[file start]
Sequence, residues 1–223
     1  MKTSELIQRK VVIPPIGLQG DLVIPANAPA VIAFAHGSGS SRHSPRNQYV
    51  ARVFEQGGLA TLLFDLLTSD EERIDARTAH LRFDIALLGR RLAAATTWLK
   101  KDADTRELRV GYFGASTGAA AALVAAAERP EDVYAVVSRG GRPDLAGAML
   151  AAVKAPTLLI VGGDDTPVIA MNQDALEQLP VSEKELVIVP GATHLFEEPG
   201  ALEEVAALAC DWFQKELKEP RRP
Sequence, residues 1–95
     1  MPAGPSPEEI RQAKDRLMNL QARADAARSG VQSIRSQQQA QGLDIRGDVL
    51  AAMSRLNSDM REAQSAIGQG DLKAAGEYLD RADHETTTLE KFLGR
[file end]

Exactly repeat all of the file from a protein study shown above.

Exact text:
Sequence, residues 1–223
     1  MKTSELIQRK VVIPPIGLQG DLVIPANAPA VIAFAHGSGS SRHSPRNQYV
    51  ARVFEQGGLA TLLFDLLTSD EERIDARTAH LRFDIALLGR RLAAATTWLK
   101  KDADTRELRV GYFGASTGAA AALVAAAERP EDVYAVVSRG GRPDLAGAML
   151  AAVKAPTLLI VGGDDTPVIA MNQDALEQLP VSEKELVIVP GATHLFEEPG
   201  ALEEVAALAC DWFQKELKEP RRP
Sequence, residues 1–95
     1  MPAGPSPEEI RQAKDRLMNL QARADAARSG VQSIRSQQQA QGLDIRGDVL
    51  AAMSRLNSDM REAQSAIGQG DLKAAGEYLD RADHETTTLE KFLGR